Masatake Matsuda, president of East Japan Railway Co., recalls how his company, along with Central Japan Railway Co. (JR Tokai) and West Japan Railway Co., rejected the government’s plan in December to have the three JR group firms shoulder a greater financial burden for building new bullet train lines.

Matsuda stressed in an interview that the state can no longer force JR group firms to do things for the government as a result of the 1987 privatization of the former Japanese National Railways.

This month, JR group firms celebrated their 10th anniversary since the state-run JNR, which had accumulated long-term debts of 37.1 trillion yen, was dissolved into one freight and six passenger carriers in April 1987. “The main objective of the JNR privatization program was to reduce political influence over the management of the railway business,” Matsuda said. “The fact that we became a private company enabled us to reject things that do not suit private corporations.”

Matsuda himself was one of the three mid-level JNR executives who pursued the privatization path 10 years ago. The two others were Yoshiyuki Kasai, the current president of JR Tokai, and Masataka Ide, now JR West’s chairman. The now-defunct JNR suffered from losses due to excessive investments driven by political interests. The morale of its workers was also deteriorating amid the escalation of labor union activities.

“Political intervention into our railway business has been substantially reduced over the past 10 years, but we are now worried that bureaucrats and politicians of the new generation may not understand the meaning of the JNR privatization program, and that they may again try to exert their influence,” said Matsuda. “In order to avoid such a risk, we want to sell all our outstanding shares (currently held by the government) to the public as early as possible,” he said. Matsuda hopes to sell the remaining shares of JR East on stock markets around the same time JR Tokai lists its shares this fall.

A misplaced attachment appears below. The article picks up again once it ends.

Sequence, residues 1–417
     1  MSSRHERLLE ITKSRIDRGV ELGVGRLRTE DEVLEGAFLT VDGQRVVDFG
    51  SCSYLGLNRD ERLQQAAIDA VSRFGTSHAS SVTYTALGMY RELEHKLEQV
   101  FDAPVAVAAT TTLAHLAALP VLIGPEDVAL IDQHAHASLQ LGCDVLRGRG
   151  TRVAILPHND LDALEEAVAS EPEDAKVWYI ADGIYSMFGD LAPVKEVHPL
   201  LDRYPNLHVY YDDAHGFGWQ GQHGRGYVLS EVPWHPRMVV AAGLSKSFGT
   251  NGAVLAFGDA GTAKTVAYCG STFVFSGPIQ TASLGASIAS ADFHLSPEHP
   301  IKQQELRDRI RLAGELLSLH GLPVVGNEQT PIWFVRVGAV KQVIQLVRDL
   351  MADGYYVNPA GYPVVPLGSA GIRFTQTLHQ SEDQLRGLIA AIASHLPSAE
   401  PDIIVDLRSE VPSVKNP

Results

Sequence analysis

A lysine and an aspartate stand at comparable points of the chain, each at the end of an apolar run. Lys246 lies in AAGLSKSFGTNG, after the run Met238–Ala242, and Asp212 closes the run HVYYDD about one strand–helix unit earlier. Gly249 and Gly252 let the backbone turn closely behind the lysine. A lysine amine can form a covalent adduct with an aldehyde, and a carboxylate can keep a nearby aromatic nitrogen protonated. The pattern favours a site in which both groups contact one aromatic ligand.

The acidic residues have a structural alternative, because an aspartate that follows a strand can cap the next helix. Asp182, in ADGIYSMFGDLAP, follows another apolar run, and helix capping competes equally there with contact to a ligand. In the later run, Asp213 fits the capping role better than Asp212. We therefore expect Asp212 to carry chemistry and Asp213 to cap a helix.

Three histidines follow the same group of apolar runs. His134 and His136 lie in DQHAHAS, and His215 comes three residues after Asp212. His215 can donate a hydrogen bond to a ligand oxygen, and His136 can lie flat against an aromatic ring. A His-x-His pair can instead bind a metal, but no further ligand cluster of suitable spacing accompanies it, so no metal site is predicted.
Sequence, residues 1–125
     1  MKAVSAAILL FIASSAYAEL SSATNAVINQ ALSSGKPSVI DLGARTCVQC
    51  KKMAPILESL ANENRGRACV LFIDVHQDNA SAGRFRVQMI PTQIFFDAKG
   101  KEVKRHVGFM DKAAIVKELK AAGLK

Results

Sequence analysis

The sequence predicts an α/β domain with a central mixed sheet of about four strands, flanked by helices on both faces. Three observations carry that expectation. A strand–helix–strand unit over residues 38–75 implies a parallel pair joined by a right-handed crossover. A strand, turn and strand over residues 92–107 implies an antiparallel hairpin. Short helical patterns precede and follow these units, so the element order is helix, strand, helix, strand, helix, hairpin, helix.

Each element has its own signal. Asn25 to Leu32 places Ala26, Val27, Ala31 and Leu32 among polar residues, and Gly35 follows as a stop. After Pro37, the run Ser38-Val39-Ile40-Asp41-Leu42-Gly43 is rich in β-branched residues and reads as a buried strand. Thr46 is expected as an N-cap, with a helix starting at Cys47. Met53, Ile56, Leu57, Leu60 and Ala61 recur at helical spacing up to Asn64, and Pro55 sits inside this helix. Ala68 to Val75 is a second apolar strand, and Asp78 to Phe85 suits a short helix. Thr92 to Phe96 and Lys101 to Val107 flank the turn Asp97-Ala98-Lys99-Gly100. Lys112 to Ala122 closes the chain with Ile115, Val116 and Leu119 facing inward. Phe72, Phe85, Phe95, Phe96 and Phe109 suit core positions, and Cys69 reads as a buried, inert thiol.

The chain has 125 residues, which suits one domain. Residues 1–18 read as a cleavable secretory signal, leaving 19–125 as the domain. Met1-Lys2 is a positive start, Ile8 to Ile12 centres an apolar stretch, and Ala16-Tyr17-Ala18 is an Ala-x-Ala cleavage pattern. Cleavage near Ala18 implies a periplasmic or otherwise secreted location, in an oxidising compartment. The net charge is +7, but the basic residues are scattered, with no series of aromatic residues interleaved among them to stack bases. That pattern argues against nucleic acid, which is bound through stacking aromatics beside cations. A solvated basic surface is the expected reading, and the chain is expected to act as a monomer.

Since it listed its shares in 1993, 2.5 million of the outstanding JR East shares have been sold to the public, while 1.5 million shares remain in the hands of the government. Matsuda says he is confident that services as well as the railway infrastructure of the JR group firms are a dramatic improvement on those of JNR.

“Financially speaking, we have also made progress,” he said. “We did not expect this much improvement initially.” He said JNR posted deficits of about 1.7 trillion yen every year and that it raised fares 11 times over the last 13 years of its existence. With the exception of two occasions — when the government introduced the 3 percent consumption tax in 1989 and when the tax rate was raised to 5 percent this month — JR East has kept its fares unchanged.

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